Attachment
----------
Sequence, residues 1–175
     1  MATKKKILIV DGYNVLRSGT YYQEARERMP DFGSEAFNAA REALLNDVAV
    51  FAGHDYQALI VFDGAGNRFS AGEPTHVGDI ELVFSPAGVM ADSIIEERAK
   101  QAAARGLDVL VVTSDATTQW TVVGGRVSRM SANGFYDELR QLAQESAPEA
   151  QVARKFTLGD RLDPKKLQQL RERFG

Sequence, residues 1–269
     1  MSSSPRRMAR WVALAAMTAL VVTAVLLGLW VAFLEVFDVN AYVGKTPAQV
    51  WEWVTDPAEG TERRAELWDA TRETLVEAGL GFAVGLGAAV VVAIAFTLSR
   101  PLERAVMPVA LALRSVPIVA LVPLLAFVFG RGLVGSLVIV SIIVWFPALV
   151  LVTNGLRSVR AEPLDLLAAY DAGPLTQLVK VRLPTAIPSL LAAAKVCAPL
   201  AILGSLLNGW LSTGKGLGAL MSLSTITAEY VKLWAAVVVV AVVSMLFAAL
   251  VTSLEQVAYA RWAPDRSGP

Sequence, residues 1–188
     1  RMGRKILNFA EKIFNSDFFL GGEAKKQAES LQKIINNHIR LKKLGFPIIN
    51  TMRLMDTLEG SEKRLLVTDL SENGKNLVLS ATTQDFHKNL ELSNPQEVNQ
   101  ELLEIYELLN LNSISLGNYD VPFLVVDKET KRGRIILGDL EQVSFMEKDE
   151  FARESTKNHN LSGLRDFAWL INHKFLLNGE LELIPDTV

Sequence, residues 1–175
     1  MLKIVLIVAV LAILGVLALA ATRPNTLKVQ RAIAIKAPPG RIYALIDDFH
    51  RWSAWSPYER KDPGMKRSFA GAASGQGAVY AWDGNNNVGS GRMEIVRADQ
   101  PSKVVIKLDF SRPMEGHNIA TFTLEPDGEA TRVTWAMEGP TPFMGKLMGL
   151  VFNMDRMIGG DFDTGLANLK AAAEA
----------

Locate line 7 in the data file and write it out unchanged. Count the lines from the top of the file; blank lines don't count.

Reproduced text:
     1  MSSSPRRMAR WVALAAMTAL VVTAVLLGLW VAFLEVFDVN AYVGKTPAQV